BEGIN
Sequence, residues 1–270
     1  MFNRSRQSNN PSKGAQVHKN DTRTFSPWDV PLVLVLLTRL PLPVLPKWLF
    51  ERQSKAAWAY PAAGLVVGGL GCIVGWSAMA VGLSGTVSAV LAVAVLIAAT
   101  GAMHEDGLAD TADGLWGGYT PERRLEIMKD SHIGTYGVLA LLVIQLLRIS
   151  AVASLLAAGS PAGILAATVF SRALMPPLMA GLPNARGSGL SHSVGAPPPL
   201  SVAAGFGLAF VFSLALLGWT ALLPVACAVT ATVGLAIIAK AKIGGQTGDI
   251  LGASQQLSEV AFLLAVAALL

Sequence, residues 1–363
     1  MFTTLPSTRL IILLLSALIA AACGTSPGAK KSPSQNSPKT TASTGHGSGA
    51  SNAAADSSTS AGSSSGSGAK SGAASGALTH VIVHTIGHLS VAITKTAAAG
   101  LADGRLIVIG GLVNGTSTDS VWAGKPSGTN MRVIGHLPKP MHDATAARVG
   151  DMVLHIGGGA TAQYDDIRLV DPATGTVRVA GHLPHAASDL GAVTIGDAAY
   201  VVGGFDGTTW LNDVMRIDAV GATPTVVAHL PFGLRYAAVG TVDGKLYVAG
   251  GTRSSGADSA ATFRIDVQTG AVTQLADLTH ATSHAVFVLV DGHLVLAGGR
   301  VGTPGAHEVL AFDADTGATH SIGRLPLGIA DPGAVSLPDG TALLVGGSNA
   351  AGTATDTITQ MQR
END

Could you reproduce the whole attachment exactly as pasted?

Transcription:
Sequence, residues 1–270
     1  MFNRSRQSNN PSKGAQVHKN DTRTFSPWDV PLVLVLLTRL PLPVLPKWLF
    51  ERQSKAAWAY PAAGLVVGGL GCIVGWSAMA VGLSGTVSAV LAVAVLIAAT
   101  GAMHEDGLAD TADGLWGGYT PERRLEIMKD SHIGTYGVLA LLVIQLLRIS
   151  AVASLLAAGS PAGILAATVF SRALMPPLMA GLPNARGSGL SHSVGAPPPL
   201  SVAAGFGLAF VFSLALLGWT ALLPVACAVT ATVGLAIIAK AKIGGQTGDI
   251  LGASQQLSEV AFLLAVAALL

Sequence, residues 1–363
     1  MFTTLPSTRL IILLLSALIA AACGTSPGAK KSPSQNSPKT TASTGHGSGA
    51  SNAAADSSTS AGSSSGSGAK SGAASGALTH VIVHTIGHLS VAITKTAAAG
   101  LADGRLIVIG GLVNGTSTDS VWAGKPSGTN MRVIGHLPKP MHDATAARVG
   151  DMVLHIGGGA TAQYDDIRLV DPATGTVRVA GHLPHAASDL GAVTIGDAAY
   201  VVGGFDGTTW LNDVMRIDAV GATPTVVAHL PFGLRYAAVG TVDGKLYVAG
   251  GTRSSGADSA ATFRIDVQTG AVTQLADLTH ATSHAVFVLV DGHLVLAGGR
   301  VGTPGAHEVL AFDADTGATH SIGRLPLGIA DPGAVSLPDG TALLVGGSNA
   351  AGTATDTITQ MQR